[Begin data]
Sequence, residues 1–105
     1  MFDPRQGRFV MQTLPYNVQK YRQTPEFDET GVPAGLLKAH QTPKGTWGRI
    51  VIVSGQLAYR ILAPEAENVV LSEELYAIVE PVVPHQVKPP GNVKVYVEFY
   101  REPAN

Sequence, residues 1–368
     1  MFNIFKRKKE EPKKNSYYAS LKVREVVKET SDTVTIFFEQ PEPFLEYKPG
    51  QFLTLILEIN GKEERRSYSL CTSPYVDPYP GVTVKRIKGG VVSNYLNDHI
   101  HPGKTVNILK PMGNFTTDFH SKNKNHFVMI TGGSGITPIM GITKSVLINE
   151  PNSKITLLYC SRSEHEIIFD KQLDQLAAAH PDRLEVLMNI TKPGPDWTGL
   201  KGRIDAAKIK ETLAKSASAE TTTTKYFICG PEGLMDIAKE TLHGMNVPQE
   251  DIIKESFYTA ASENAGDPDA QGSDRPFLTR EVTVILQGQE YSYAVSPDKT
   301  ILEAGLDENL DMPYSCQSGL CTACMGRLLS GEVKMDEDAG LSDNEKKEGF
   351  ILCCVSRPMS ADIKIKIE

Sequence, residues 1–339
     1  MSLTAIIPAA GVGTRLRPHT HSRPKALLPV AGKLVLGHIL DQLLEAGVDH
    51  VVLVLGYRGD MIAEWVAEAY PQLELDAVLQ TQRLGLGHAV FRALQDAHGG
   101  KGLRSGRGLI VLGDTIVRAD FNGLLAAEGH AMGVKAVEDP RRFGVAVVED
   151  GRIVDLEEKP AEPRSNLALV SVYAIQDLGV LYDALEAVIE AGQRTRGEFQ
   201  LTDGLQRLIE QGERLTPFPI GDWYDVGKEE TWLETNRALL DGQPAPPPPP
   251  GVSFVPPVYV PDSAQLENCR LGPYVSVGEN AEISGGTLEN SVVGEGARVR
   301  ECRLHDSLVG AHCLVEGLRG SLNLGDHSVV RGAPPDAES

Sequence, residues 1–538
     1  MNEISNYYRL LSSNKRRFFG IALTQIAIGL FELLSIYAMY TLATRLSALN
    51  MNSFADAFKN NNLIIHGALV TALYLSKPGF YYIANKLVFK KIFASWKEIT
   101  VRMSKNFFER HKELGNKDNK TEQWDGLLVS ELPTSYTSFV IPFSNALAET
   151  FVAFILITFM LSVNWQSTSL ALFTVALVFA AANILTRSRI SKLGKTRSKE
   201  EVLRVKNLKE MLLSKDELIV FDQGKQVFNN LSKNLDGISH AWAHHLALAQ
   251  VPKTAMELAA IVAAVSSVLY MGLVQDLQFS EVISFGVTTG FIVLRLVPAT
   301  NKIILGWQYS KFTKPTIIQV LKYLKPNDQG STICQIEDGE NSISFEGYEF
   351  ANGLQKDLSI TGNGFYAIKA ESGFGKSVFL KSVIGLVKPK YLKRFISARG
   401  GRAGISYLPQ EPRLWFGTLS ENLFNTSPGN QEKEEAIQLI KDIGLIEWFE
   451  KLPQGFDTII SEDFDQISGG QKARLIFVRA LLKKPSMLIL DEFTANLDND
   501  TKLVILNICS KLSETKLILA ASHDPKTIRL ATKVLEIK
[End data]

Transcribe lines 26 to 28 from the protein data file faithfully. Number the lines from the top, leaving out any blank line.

   151  FVAFILITFM LSVNWQSTSL ALFTVALVFA AANILTRSRI SKLGKTRSKE
   201  EVLRVKNLKE MLLSKDELIV FDQGKQVFNN LSKNLDGISH AWAHHLALAQ
   251  VPKTAMELAA IVAAVSSVLY MGLVQDLQFS EVISFGVTTG FIVLRLVPAT